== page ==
Peninsula Daily News
Want more top stories? Sign up here for daily or weekly newsletters with our top news.
Each has contributed toward fixing up the landmark structure at the southeast corner of East First and Vine streets in Port Angeles that is now a thrift shop for the housing organization Serenity House.
The building, which has housed professional offices and a bakery in the past, is believed to be the last remaining nonresidential structure built by the Puget Sound Cooperative Colony, said Serenity House Executive Director Kathy Wahto.
Built in 1888 as the Congregational Church, the historic building now houses Serenity Thrift Store, with all profits going to help end homelessness in Clallam County.
The project will repair the roof and restore the historic character of the fašade, Wahto said.
The work is planned to be done in time for a September 2013 celebration of the building’s 125th anniversary at Port Angeles Heritage Days.
The Clallam County Historical Society has agreed to work with Serenity House to organize a rededication of the building.
A permanent historical sign will be installed, commemorating the history of the building as well as the restoration project.
The Green Crow and IBC donations, both made last Thursday, boosted both major elements of the project, which is projected to cost about $45,000, Wahto said.
Chairman John David Crow designated Green Crow’s gift for the fašade improvement portion of the project when he personally delivered a check to the Serenity House office.
With the Green Crow donation, contributions and pledged support from other businesses are planned to meet a 50 percent match required by the city of Port Angeles for a $6,642.50 fašade improvement grant awarded last month, Wahto said.
The city grant and private-sector contributions designated for fašade restoration now total more than half of the $24,000 budgeted for that work.
Charles Smith of Charles Smith Architects has redesigned the entrance, and Serenity House has purchased antique doors, Wahto said.
“The painting is the last thing we will do,” she said.
No dramatic change in color is planned, but some accents will be added, Wahto said.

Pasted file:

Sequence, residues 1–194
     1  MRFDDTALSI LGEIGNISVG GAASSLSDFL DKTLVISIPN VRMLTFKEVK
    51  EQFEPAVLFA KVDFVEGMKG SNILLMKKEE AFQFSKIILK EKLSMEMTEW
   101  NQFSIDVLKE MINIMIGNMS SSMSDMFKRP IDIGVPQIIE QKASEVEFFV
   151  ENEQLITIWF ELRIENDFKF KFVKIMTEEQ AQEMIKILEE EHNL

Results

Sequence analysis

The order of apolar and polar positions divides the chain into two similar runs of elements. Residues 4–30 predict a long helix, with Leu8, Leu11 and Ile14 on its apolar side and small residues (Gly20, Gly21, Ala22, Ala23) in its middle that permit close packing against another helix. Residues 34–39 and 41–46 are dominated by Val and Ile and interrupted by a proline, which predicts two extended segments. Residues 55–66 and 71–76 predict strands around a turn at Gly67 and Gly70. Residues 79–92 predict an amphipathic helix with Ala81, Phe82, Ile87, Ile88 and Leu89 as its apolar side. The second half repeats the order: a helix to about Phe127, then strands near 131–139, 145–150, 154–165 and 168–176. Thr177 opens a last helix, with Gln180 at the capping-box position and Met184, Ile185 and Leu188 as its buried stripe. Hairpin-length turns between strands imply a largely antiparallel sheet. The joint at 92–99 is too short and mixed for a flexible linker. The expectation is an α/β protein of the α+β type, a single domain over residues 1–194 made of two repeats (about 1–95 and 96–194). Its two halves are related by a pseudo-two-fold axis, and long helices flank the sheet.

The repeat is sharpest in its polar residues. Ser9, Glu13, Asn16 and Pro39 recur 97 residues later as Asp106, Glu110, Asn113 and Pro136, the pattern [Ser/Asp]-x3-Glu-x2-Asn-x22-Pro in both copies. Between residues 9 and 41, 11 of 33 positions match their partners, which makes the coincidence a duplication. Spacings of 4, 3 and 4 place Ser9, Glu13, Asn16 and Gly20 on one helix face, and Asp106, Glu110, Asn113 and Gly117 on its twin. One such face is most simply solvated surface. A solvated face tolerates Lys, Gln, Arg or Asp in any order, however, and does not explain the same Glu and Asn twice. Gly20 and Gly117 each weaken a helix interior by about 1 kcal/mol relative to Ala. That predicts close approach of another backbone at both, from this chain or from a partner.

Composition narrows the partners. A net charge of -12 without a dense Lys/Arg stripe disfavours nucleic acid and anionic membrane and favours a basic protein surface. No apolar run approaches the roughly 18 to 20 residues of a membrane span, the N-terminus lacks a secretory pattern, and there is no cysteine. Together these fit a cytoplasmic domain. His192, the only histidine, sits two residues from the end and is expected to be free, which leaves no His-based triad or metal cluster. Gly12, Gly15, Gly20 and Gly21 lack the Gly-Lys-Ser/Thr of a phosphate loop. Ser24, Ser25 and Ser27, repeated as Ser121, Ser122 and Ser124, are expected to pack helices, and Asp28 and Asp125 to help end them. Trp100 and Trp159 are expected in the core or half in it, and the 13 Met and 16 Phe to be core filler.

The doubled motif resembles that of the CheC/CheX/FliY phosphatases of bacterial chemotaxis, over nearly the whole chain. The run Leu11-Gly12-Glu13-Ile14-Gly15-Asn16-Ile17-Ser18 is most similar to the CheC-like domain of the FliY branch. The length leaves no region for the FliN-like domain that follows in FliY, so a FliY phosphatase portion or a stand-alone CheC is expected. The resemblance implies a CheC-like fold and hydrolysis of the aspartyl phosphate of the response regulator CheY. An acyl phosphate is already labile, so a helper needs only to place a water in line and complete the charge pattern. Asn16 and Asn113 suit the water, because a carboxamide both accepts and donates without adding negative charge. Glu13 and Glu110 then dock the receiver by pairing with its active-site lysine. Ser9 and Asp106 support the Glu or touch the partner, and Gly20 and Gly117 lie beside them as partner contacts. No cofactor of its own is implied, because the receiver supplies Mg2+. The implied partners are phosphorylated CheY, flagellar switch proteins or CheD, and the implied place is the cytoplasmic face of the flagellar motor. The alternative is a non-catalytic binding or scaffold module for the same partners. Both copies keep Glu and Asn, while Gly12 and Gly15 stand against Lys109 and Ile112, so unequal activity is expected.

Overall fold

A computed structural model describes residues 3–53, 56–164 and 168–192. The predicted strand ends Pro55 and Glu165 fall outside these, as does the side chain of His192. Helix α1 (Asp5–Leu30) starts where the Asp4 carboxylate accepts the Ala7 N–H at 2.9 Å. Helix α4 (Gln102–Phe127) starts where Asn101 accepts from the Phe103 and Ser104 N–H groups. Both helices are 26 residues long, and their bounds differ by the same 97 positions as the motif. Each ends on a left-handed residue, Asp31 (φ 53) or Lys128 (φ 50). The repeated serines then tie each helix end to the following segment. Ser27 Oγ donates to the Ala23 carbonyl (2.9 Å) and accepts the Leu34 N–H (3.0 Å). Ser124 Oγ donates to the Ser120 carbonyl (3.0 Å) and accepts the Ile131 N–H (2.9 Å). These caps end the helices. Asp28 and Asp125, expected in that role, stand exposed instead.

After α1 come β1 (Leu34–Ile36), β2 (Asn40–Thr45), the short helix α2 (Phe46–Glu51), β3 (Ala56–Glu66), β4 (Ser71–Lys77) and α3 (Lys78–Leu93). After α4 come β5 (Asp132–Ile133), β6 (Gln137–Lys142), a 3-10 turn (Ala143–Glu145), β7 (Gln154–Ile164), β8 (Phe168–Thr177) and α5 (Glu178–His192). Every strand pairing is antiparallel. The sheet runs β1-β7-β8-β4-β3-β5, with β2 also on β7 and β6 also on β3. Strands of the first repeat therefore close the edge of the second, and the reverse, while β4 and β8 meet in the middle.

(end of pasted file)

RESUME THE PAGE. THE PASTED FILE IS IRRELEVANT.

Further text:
“The present entrance doesn’t do justice to the building,” she said.
Although the whole facade will be completely redone, the entrance facing First Street will change the most, Wahto said.
A porch will be added, and “the cement is all going to go away,” she said.
Independent Bible Church pledged $5,000 to the roof-replacement portion of the project.
The IBC congregation met in the building as recently as the mid-1960s.
With leadership from Lighthouse Christian Center, roof replacement is being supported primarily by local churches, Wahto said.
“We’re waiting for dry weather [to do] the roof,” Wahto said .
“It doesn’t leak, but it’s been shedding the top layer of shingles on one section.”
First Presbyterian Church was the first to contribute to keeping a roof over the community’s oldest church, with a $2,000 gift.
IBC’s pledge brings the total raised for roof replacement to $14,000, or about 40 percent of the projected $34,451 cost of roof work.
Serenity House had some of those funds set aside that were donated by about 30 community members as a memorial to store founder Sally Garnero.
Serenity House’s Port Angeles thrift store continues to be open for business daily in the old church building, with interior redecoration nearly complete.
Donations of gently used household items, clothing, furniture and more are welcome, Wahto said.
Net sales revenue goes 100 percent to support Serenity House’s 14 housing and services programs serving people who are homeless or experiencing housing crises in Clallam County.
Others wishing to contribute or volunteer to help preserve the church building can phone Serenity House at 360-452-1439.